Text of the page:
Crew members aboard the International Space Station are awaiting word on how to deal with leaking ammonia from an outside cooling system, NASA said Thursday in a news release.
The six-man crew is not in danger, NASA said.
The space station crew reported seeing small white flakes floating away from the station, the space agency said. NASA helped locate the leak with external cameras while the crew used hand-held cameras pointed out windows.
The leak was in a cooling loop in a solar array that has leaked before. NASA said crew members tried to fix the leak in November. It is unclear whether this is the same leak or a new one.
The cooling system could shut down within 24 hours, it said. It is devising a plan to reroute other sources of power so that all systems remain fully operational.
Ammonia is used to cool each of the solar arrays that provide electricity to station systems, NASA said.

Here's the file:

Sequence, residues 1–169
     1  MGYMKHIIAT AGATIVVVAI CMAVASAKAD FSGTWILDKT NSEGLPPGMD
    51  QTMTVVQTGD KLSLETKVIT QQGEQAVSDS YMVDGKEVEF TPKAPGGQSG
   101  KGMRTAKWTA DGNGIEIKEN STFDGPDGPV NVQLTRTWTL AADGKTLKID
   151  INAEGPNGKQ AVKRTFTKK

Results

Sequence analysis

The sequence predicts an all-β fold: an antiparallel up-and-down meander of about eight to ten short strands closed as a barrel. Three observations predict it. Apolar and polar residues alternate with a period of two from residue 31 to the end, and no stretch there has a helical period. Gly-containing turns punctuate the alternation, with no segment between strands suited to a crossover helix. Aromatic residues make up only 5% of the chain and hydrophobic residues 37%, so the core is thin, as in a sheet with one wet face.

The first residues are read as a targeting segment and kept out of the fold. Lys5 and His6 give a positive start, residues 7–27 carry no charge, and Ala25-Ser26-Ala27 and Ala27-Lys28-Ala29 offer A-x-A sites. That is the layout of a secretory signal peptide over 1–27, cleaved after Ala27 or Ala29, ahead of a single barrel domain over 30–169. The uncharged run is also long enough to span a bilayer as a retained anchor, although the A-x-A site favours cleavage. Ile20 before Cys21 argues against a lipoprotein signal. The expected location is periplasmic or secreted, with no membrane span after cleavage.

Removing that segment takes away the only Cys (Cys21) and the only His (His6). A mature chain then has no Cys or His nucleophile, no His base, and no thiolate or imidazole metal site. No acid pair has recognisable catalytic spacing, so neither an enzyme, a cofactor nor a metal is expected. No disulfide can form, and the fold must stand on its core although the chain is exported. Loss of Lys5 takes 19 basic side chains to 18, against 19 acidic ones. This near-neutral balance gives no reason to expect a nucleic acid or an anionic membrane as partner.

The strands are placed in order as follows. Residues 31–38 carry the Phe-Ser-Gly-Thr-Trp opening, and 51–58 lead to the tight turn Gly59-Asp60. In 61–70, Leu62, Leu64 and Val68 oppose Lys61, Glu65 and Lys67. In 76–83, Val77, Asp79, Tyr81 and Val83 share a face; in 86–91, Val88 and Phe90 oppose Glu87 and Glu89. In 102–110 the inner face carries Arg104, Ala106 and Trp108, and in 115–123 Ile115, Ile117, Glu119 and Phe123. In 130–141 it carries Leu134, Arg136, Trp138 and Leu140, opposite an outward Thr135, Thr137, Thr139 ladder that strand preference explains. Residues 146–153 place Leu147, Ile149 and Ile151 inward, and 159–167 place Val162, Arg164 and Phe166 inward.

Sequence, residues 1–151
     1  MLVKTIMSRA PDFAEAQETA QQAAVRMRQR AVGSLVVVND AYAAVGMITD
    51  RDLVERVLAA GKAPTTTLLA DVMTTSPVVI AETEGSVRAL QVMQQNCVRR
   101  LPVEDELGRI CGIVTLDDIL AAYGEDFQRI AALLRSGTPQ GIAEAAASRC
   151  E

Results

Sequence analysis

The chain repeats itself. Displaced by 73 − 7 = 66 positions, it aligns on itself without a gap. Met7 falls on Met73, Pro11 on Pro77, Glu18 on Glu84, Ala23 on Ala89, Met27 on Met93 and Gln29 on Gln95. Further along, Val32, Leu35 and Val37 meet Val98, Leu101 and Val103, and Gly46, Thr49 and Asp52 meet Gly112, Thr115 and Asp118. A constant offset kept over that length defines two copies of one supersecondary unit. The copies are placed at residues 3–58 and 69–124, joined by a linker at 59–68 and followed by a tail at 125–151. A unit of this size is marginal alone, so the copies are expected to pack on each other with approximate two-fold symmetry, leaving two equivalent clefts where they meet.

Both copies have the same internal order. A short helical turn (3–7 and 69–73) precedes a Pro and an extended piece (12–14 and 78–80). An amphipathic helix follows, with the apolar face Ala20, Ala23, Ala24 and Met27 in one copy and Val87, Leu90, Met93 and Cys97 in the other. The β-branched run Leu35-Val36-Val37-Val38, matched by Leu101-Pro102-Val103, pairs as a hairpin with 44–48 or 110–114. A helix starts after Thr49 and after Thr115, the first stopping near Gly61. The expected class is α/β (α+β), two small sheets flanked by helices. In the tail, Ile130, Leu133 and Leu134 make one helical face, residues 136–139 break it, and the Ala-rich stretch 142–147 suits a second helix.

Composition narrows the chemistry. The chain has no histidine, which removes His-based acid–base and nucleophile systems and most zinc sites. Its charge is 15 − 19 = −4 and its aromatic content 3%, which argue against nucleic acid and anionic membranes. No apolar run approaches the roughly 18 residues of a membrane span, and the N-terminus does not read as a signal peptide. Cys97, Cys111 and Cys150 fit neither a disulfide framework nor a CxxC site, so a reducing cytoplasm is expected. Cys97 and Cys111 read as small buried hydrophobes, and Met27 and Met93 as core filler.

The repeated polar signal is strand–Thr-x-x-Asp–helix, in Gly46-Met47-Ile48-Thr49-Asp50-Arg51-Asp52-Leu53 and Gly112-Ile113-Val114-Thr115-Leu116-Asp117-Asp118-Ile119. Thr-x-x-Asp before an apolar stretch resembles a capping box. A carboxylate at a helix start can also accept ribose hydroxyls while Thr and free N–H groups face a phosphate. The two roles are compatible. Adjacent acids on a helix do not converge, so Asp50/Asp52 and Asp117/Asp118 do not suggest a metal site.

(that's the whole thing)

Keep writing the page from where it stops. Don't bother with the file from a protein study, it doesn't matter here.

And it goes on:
Three crew members -- commander Chris Hadfield of Canada, NASA astronaut Tom Marshburn and Russian cosmonaut Roman Romanenko -- are scheduled to leave the station on Monday at 7:08 p.m. ET.
Hadfield asked NASA if the leak will affect the undocking. Capsule Communicator Doug Wheelock said officials at the Mission Control Center in Houston don't see anything that they can't overcome technically, but they would have more information in the morning.
Three crew members, NASA astronaut Chris Cassidy and Russian counterparts Alexander Misurkin and Pavel Vinogradov, will remain on the space station when the others leave.
They will be joined at the end of the month by three new crew members -- NASA astronaut Karen Nyberg, Russian cosmonaut Fiyodor Yurchikhin and European Space Agency astronaut Luca Parmitano, who are due to launch aboard a Russian Soyuz spacecraft on May 28.
The space station is operating normally aside from the leak, NASA said.